Sunday, July 10, 2005

Whoa, that moved fast...

Lots to catch up on.

There was the LAN party, back on June 24-25. I think it's fair to say that everyone who attended had a good time, and went away very tired. I went away very, very tired. We did in fact stay up all night (except for Leon...he slept twice), and alternately played Half-Life, played billiards, and watched our movie, "Poolhall Junkies."

Eric gave "Poolhall Junkies" a thorough panning, even though he hadn't seen the movie before, and then admitted that it was pretty ok afterward.

We never did get to Slurpees. There were times that a couple of people wanted to go, but the rest of the group didn't, and then an hour or so later a couple of other people would want to go, with the majority still reticent. No biggie.

Overall, it was a fun party between a pretty tightly-knit bunch of friends. And the food was really good. And I'm pretty sure that no one will die of heart break if we don't do an overnighter again. At least not like that. It was pretty rough at the end.

Independence Day and my birthday came and went, and oh my, did I have a good time.

First, we went to Logan for USU's annual firework show there. Leon and Jeff and I went early to get good seats, and of course, eat at Logan's old-timey A&W beforehand. I've eaten at other A&Ws, but they never seem to be as good as that one. We also wanted to visit Willow Park, but there simply wasn't time. So we drove up to USU stadium and staked out a place in line. Leon and Jeff passed the time by beating up their Gameboys, and I listened to an audio book.

The audio book was "A Walk In The Woods", by Bill Bryson, narrated by the author, and not, as I first thought, by John Malkovich. Yes, really. They sound exactly the same, weird cadence and all. Y'all know by now that I don't link to products that don't impress me. "Walk In The Woods" was a really great listen. I highly recommend it.

And John Malkovich, if you're idly Googling yourself and you stumble on this post, please do consider looking into voice work for audio books. An unusual voice helps keep the audio book interesting, and it certainly helped an already excellent work in this case.

Logan, sadly, has Homeland Security Paranoia Shit (hereafter referred to as HSPS) going on. You can't bring in a glass bottle in a cooler, but I wore a knife on my hip right through the gate, and it could very well have been a gun and no one would have noticed. Granted, the knife is my treasured Leatherman, and not really an ideal choice if you're looking to let massive amounts of blood, but the airlines are afraid enough of my Leatherman, so you tell me.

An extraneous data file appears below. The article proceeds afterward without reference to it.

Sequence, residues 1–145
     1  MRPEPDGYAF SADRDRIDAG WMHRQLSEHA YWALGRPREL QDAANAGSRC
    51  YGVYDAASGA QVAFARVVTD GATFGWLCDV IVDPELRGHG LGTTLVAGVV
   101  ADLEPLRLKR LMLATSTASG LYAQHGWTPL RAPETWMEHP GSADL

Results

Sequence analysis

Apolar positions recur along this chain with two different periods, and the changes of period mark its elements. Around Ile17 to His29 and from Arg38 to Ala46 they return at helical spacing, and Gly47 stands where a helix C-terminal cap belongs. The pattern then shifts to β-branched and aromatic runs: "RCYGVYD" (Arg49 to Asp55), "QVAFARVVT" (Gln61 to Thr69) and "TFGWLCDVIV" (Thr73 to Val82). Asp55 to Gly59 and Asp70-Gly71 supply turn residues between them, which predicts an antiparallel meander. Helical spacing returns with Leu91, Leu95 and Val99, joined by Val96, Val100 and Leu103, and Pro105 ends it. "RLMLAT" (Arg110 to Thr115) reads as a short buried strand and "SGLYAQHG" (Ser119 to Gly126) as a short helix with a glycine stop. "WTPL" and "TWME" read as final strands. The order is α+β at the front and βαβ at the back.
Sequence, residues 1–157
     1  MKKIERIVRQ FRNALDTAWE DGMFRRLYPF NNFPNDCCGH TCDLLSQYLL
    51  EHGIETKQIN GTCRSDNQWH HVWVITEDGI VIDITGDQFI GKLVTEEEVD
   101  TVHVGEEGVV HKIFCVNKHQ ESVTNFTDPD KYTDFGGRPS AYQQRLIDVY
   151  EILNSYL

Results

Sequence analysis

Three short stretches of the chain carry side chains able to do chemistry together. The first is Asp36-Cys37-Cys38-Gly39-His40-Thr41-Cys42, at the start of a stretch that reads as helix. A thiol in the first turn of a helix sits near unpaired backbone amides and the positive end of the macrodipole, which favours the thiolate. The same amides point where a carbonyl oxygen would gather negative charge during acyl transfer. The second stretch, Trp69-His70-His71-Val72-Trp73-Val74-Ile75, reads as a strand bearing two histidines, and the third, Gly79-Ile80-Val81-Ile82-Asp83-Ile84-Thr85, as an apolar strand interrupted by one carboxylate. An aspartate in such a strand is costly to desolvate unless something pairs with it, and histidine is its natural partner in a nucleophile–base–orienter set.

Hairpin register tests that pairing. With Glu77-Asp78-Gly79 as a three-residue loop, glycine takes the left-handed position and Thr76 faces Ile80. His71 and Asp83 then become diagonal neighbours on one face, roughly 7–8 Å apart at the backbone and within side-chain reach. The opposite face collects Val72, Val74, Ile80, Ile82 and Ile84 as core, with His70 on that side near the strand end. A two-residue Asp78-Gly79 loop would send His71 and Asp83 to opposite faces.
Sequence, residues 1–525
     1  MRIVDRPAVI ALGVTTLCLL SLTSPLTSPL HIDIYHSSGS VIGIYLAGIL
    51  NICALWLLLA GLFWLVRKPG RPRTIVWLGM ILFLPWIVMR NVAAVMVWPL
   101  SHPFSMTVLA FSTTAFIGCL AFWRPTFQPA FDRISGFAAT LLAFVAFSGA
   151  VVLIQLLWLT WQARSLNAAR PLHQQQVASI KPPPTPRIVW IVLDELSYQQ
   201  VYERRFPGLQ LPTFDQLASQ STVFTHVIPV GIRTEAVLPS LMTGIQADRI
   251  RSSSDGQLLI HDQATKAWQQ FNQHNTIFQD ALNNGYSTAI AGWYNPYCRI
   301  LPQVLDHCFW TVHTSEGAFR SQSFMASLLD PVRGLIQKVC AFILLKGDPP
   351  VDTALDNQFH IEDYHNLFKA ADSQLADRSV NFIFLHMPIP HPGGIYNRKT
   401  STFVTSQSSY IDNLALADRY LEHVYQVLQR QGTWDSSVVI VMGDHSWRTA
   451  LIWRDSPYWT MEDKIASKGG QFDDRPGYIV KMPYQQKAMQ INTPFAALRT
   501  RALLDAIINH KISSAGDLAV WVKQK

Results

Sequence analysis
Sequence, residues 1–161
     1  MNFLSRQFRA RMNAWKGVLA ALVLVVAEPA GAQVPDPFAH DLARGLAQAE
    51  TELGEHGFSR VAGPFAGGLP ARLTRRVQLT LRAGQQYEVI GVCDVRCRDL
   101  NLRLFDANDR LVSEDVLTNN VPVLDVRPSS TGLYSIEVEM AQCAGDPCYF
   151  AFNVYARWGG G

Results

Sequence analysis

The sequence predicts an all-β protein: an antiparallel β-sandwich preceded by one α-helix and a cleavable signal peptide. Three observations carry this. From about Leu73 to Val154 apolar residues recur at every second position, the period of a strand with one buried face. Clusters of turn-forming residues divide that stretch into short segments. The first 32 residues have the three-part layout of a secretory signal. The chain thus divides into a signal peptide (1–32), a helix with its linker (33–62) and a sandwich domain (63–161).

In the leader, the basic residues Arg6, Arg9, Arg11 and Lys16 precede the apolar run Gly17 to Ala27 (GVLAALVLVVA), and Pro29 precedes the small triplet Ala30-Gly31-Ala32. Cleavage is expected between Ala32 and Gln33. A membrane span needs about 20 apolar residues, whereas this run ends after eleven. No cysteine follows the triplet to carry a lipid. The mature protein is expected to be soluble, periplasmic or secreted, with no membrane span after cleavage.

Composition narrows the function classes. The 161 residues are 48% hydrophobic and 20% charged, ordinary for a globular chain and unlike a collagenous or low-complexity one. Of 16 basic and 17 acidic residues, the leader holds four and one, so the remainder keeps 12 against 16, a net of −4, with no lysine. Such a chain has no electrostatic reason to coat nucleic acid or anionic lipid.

Folks, when can we start to be clueful about this again? Searching people does not make me feel more secure, it makes me feel less secure. And your plainclothes guys walking around, trying not to look conspicuous? Yeah, right. Can you tell me what's more secure than a stadium full of law-abiding citizens packing weapons (be they knives, guns, or broken bottles)? I bet you can't.

The Logan show is sponsored annually by Fireworks West, a Utah outfit that designs for and supplies professional fireworks shows. Fireworks West likes to show off their new stuff at the Logan show, and this year we saw shells burst into giant smiley faces. I know, not that impressive, but they've debuted more exciting things in the past.

The long and short of it is that the Logan show has been declining in the last few years, and I'm not sure that I'll keep the family tradition next year and attend. For one thing, tickets are now $6 per person, for a show that's been shorter every year for the last five shows.

The entertainment is getting more, well...unbearable. They've clearly been spending as little as possible to get someone on stage who at least knows what a guitar is, and invariably, this person also tries to hold and play a guitar, which is a big mistake. They also did away with the sky divers. I liked that part as a kid, and they just don't do it anymore.

Here. Take the Clearfield show as a study in contrasts.
  • It's free. Did I mention it's free? This is a big deal. My whole family went and the only expense was dinner. Free.